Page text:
by which Nauman examines life in all its gory details, mapping the human arc between life and death. Language has always been central to Nauman’s work, as he probed how human beings use it to exist in the world, to communicate or fail to communicate. For Raw Materials, he recycled 22 texts from previous works and plays them on parallel speakers in the great hall to create an aural collage. Some are audio components from videos or architectural installations; others are written texts from his sculptures, prints or drawings. Nauman uses the diverse

“Language has always been central to Nauman’s work, how humans use it to exist in the world, communicate or fail to communicate” origins of the texts to increase the richness and density of the experience. Out of context, they become a whole new experience, a real orchestral work, indeed arranged in the space not by content but by intensity and rhythmic connection between them. The unique acoustics of the Turbine Hall inspired Nauman with this work, especially the low-level hum or “drone” of the generators which can still be heard, a reminder of the building’s previous life. The work also represents Nauman’s fascination of space, and the way it can alter our behaviour and self-awareness. You do truly get confused if you do the experience for yourself, as the hall is empty and yet filled with nearly palpable sound sculptures based on the

“What’s all this about then?” People unsure whether they want to be in the Turbine Hall written word. The arrangement is more intuitive than thematic, but the last piece in the room, entitled World Peace, provides a resting place and is also one of the more interesting works. A man and a woman recite a series of simple phrases around the verbs “talk” and “listen”, such as “I’ll talk/they’ll listen”, and “you’ll listen to us/we’ll talk to you”. In each instance, the statement is reversed in the following line before moving on to the next sequence. The title can be taken as a wry comment on global political misunderstanding. With an economy

You are what you wear... or is that making too much of an effort? STYLE NOTES Walking around Imperial, I see a sort of uniform of plain-ness: plain shoes, trousers jeans, t-shirts, jumpers, coats. It’s like there’s some kind of unwritten code of what to wear. We seem to want to blend in to the crowd, to avoid any kind of statement at all, even if that is at the expense of looking nice. Obviously there are many exceptions to this trend, but it certainly seems to be the overwhelming apparent inclination of my fellow students. I recently trekked down to Goldsmiths Student Union to see a band night. Thanks to various factors, including the drunken wanderings of several of my housemates, I only managed to see the Electric Soft Parade, who were headlining, but the evening was still worthwhile, partly because ESP were fantastic, and partly because it gave me interesting insight into a university which is the complete antithesis of Imperial.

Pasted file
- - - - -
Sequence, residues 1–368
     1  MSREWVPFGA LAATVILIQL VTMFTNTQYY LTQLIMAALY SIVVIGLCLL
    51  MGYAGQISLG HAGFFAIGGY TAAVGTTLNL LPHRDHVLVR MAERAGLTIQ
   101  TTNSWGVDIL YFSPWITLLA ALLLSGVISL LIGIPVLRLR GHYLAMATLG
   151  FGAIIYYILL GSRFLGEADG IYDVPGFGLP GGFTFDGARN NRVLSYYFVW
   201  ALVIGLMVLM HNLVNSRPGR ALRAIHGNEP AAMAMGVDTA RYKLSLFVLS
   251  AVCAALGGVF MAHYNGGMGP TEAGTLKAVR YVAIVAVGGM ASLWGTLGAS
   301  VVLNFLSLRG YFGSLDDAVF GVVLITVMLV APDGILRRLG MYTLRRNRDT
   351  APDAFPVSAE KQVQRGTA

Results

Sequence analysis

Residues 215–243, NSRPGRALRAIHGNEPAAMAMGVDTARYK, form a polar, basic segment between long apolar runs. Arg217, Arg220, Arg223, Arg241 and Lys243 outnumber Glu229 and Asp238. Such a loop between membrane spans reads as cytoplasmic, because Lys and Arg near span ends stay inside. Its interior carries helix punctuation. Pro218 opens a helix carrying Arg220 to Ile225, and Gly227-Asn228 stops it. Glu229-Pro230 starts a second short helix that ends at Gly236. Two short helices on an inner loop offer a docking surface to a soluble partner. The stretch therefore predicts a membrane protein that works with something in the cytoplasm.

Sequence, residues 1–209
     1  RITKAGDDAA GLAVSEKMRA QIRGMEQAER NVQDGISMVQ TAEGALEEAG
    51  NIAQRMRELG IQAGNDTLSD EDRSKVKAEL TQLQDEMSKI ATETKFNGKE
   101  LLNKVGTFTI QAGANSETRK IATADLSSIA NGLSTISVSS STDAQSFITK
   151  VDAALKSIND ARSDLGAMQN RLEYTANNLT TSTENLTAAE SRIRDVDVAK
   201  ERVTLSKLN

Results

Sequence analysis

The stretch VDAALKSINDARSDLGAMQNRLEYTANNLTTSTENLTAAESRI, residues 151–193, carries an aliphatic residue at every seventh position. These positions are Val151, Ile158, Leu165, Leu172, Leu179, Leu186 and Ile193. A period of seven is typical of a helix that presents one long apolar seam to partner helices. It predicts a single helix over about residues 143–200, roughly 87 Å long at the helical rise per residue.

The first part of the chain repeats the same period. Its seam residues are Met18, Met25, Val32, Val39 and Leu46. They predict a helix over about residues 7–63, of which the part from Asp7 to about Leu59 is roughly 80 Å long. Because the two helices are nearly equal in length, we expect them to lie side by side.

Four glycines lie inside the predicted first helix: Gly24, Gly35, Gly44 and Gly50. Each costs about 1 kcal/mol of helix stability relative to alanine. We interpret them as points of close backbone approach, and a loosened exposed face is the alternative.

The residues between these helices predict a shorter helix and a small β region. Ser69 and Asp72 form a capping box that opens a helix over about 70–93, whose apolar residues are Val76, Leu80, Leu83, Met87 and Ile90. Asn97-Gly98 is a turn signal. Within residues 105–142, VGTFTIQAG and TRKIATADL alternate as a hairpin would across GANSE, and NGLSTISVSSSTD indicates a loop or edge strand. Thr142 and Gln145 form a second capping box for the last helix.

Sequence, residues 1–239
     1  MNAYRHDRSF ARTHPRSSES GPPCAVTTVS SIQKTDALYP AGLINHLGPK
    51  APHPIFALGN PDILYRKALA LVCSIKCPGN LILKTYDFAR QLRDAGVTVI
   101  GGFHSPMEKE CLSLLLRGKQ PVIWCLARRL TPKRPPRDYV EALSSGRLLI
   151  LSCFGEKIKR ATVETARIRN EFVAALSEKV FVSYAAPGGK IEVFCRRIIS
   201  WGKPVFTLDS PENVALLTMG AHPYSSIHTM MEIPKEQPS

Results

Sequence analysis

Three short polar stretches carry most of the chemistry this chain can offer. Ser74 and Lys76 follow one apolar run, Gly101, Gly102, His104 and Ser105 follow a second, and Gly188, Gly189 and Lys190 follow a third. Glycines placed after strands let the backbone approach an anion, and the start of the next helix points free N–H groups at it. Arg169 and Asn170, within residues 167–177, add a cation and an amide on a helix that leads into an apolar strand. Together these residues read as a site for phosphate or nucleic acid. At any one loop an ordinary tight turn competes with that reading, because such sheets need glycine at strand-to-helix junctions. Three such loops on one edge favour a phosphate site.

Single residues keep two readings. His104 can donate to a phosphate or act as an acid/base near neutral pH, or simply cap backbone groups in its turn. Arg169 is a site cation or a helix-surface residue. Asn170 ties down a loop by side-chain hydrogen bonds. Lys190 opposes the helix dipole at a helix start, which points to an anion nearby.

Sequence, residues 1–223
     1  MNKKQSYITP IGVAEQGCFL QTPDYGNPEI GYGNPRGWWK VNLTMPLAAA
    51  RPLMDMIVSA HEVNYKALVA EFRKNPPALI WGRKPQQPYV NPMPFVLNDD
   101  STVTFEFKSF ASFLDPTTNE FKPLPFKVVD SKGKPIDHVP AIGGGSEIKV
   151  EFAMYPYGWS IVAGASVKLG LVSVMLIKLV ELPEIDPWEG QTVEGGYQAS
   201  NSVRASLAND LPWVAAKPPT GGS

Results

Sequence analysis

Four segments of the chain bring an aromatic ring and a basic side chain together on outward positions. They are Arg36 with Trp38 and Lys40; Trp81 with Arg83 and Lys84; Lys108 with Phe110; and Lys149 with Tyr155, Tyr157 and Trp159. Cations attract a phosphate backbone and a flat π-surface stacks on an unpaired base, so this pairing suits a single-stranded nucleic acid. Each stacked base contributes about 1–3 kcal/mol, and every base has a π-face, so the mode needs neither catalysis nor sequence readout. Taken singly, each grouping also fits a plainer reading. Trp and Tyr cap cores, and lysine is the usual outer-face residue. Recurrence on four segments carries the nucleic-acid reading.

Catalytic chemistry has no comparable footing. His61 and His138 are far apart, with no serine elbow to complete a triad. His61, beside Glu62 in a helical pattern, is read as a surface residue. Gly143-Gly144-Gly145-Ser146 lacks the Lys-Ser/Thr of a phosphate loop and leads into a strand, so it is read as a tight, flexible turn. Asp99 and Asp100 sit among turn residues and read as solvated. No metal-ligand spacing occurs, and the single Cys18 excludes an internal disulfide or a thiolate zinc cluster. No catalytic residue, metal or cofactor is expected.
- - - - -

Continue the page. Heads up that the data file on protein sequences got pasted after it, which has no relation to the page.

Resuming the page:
For those of you who don’t know, just as Imperial is a science-only university, Goldsmiths is an artsonly university. So, without wanting to stereotype, I was expecting a different type of student and a different kind of union. I wasn’t disappointed. If Imperial students tend not to pay any attention at all to what they wear, Goldsmiths students seem to pay attention to everything about their style. Walking into the venue was like walking into a sea of ra-ra skirts, mullets, cowboy boots, charity-shop dresses, logo t-shirts and army jackets. If you’ve ever been to The End on a Monday night you’ll know what I’m talking about. If you don’t, think Alison Goldfrapp, the Scissor Sisters and Portobello Market all mixed together. So did they dress better than us? As far as fashion goes, yes, and there were certainly some people who did look amazing. But the prevailing impression was of a lot of people who tried too hard, and all

ended up looking the same. If we don’t try at all to stand out, they tried so hard that they came fullcircle and all ended up looking the same anyway. The experience made me wonder what is it about studying science that makes us so complacent about our appearance? Maybe it’s because we like to differentiate between ourselves and the rest of the world. Maybe we think, because we’re studying things that are so much more important, that thinking about style would be an insult to our intellect. But who doesn’t judge people on how they look? Clearly, some people judge in more detail than others, but all clothes say something about the person who’s wearing them. Clothes are not just for comfort or practicality, they tell the world about you. So maybe it’s a good idea to have them say something different from the person sitting next to you. Emily Lines

of means, Nauman simultaneously represents the simplicity and complexity of communication. The end result is not too different to some of John Cage’s compositions, an early inspiration of Nauman, who held that chance occurrences and ambient sound can hold equal status to intentional compositions. Some of the recordings include loops where single words are repeated over and over, with percussive polyrhythms emerging. Another audio follows a pattern in which different words or phrases are conjugated like verbs, repeated in different voices to extract